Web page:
|YANG RESEARCH GROUP MEMBERS - Young Min Kwon, Ph.D.|
Young Min Kwon, Ph.D.
Phone: (734) 647-9708
Pharmaceutics and Pharm. Chem., University of Utah, 2003
Solid tumor targeting
Solid tumors possess a well-documented feature of leaky vasculature and poor lymphatic drainage. This leads to the so-called enhanced permeability and retention (EPR) effect, meaning that macromolecular or particulate drug carriers may accumulate in tumor tissues. This can be viewed as a passive targeting. In addition, depending on the targeting moiety, an 'active' targeting component may be introduced such as magnetic field, tumor-specific moiety, or vascular targeting moiety. A number of delivery systems to solid tumors are currently being studied including magnetic nanoparticles and poly (rotaxane) based bioconjugates.
Diffuse tumor targeting
In treating diffuse tumors, such as certain types of leukemia and lymphoma, targeting is based on systemic treatment or specific cell-surface antigen (chemotherapeutic drugs as well as monoclonal antibodies) as those tumors do not necessarily form solid mass. Tumor cells relying on the host's L-asparagine supply may be treated with L-asparaginase enzyme. Since the enzyme is of bacterial or plant origin, it must be protected from the host's immune surveillance. This can be achieved by encapsulating the enzyme into red blood cells, the nature's longest circulating vehicles. Another approach is to take a strategy similar to ADEPT (Antibody-Directed Enzyme Prodrug Therapy) for specific lymphoma targeting of macromolecular cytotoxic entities using human tumor xenografts in athymic mice. Hopefully, through localized antitumor activity, this strategy could eventually help lower the effective dose and toxicity from currently existing drug therapy modalities.
PEGylation of Enzymes
Newly discovered, potentially therapeutic enzymes may need to be conjugated with poly (ethylene glycol) (PEG) to increase duration of action and reduce undesirable hypersensitivity, as most of those enzymes are heterologous. In collaboration with the U of M pharmacology department, pegylation of cocaine esterase (cocE), which is by far the most potent cocaine hydrolyzing enzyme to reverse acute toxicity from cocaine overdose, is currently under way.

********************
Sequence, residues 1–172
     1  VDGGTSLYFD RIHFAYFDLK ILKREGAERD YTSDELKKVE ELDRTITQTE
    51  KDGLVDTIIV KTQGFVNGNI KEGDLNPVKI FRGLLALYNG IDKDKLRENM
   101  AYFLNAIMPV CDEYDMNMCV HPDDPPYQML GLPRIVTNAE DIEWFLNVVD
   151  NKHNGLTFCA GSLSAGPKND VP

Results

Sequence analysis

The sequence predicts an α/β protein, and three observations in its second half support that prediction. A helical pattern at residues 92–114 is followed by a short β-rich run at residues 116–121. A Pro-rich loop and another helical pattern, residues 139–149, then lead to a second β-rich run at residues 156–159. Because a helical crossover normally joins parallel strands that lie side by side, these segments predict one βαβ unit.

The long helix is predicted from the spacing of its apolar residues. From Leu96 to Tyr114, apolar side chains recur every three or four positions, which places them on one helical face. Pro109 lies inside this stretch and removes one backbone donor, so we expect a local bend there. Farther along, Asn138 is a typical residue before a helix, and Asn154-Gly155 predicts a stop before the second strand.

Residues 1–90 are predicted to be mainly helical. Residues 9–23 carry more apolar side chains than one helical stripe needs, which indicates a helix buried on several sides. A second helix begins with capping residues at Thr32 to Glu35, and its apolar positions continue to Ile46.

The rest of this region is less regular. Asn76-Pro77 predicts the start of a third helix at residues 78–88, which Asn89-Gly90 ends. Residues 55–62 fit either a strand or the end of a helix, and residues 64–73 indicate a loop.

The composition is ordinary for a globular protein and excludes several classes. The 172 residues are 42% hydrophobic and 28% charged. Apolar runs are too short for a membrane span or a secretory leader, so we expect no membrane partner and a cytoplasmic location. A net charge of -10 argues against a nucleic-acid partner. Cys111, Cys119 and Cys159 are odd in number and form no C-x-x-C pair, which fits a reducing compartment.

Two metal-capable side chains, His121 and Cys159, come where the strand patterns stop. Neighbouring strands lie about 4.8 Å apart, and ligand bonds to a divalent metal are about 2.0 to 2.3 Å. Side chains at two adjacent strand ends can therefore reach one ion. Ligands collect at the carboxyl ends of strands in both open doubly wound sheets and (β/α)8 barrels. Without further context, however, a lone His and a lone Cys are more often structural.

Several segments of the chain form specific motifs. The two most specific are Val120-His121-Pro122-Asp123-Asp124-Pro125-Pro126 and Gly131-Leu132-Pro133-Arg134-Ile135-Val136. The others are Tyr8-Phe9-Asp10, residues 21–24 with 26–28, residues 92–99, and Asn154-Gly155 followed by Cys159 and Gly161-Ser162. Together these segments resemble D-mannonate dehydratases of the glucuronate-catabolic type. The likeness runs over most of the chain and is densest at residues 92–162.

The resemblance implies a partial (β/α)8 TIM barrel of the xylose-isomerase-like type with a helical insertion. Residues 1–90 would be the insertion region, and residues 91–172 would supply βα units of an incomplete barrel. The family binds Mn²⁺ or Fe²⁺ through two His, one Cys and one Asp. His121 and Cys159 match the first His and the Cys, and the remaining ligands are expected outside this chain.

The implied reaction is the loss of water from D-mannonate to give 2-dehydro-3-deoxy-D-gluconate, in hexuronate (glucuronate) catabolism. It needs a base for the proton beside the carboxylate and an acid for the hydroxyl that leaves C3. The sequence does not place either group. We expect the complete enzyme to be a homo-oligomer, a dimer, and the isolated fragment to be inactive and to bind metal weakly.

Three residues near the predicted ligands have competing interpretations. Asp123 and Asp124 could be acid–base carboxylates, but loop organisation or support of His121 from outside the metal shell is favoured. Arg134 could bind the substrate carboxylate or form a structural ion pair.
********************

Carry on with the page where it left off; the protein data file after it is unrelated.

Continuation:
J.-S. Park, Y.-B. Lim, Y.-M. Kwon, B. Jeong, Y. H. Choi, S. W. Kim, ''Liposome Fusion Induced by pH-Sensitive Copolymer: Poly(4-Vinylpyridine-co-N, N'-Diethylaminoethyl Methacrylate),'' J. Poly. Sci. :Pt A, 37, 2305-2309 (1999).
M. Lee, J.W. Nah, Y. Kwon, J. J. Koh, K. S. Ko, and S. W. Kim, ''Water-Soluble and Low Molecular Weight Chitosan-Based Plasmid DNA Delivery,'' Pharmaceutical Research, 18, 427-431 (2001).
Y. M. Kwon, M. Baudys, K. Knutson, and S. W. Kim''Insulin Aggregation induced by water / organic solvent interface,'' Pharm. Res., 18, 1754-1759 (2001).
Z. Zhong, P. J. Dijkstra, and J. Feijen, and Y. M. Kwon, Y. H. Bae and S. W. Kim ''Synthesis and aqueous phase behavior of thermoresponsive biodegradable poly(D,L-3-methyl glycolide)-b-poly(ethylene glycol)-b-poly(D,L-3-methyl glycolide) triblock copolymers'' Macromol. Chem. Phys. 203, 1790-1796 (2002).
Y. M. Kwon and S. W. Kim ''New Biodegradable Polymers for Delivery of Bioactive Agents'' Macromolecular Symposia 201, 179-186 (2003).
Y. M. Kwon and S. W. Kim ''Biodegradable Triblock Copolymer Microspheres Based on Thermosensitive Sol-Gel Transition'' Pharm. Res. 21, 339-343 (2004).
Y. M. Kwon and S. W. Kim. Thermosensitive biodegradable polymers for the delivery of therapeutic agents. In G. S. Kwon (ed.), Polymeric Drug Delivery Systems, Marcel Dekker, New York (2005)
J. L. Fox, J. Hsu, Y. M. Kwon, Z. Wang, A. Chhettry, A. A. Baig, H. Zhuang, M. Otsuka and W. I. Higuchi, ''Influence of Solution Carbonate Ion of the MES of CAP, '' J. Dent. Res., 75, 58 (IADR Abstract) (1996)
Y. Kwon, M. Baudys, K. Knutson, and S. W. Kim, ''Insulin Aggregation due to an Organic Solvent: Turbidity Measurements Near a w/o Interface,'' AAPS PharmSci Suppl., vol. 1, no. 4, #3707 (AAPS abstract) (November 14-18, 1999, New Orleans, LA)
Y.-M. Kwon, M. Baudys, K. Knutson, and S. W. Kim ''Insulin Aggregation induced by water / organic solvent interface in the design of biodegradable microspheres,'' GPEN 2000 abstract p. 107 (September 13-15, 2000. Uppsala, Sweden).
Y. M. Kwon, Y. H. Bae and S. W. Kim ''Preparation of microspheres using biodegradable triblock copolymer via thermosensitive sol-gel transition,'' Proc. Int. Symp. Control. Rel. Bioact. Mater. 28, 1003-4 (2001).
Y. M. Kwon and S. W. Kim ''Release of insulin from biodegradable and thermosensitive triblock copolymer microspheres,'' Proc. Int. Symp. Control. Rel. Bioact. Mater. 29, # 683 (2002).
Y. M. Kwon and S. W. Kim ''Aqueous-based nanoparticles from thermosensitive, biodegradable triblock copolymer'' AAPS abstract (2003).
V. C. Yang, Y. M. Kwon, B. Chertok, and Y. J. Park ''Novel Approach for Simultaneous MR imaging and protein transduction therapy for breast cancers'' Proceedings of DOD Breast Cancer Research Program Meeting, p 479 (2005).
V. C. Yang, Y. M. Kwon , Y. J. Park ''Application of Peptide in Tissue Engineering and Drug Delivery System: From ''Attempts'' Approach to PTD-mediated Cellular Delivery'' IBEC & KSBM Proceedings: The 7th International Symposium on Peptides and Biomaterials for Tissue Regeneration, 5-9 (2005).
Young Min was born in Seoul, Korea and immigrated to US in 1993. He is married and has a daughter (2.5 years old). Other than drug delivery research, he also participates in the games of golf and tennis, etc.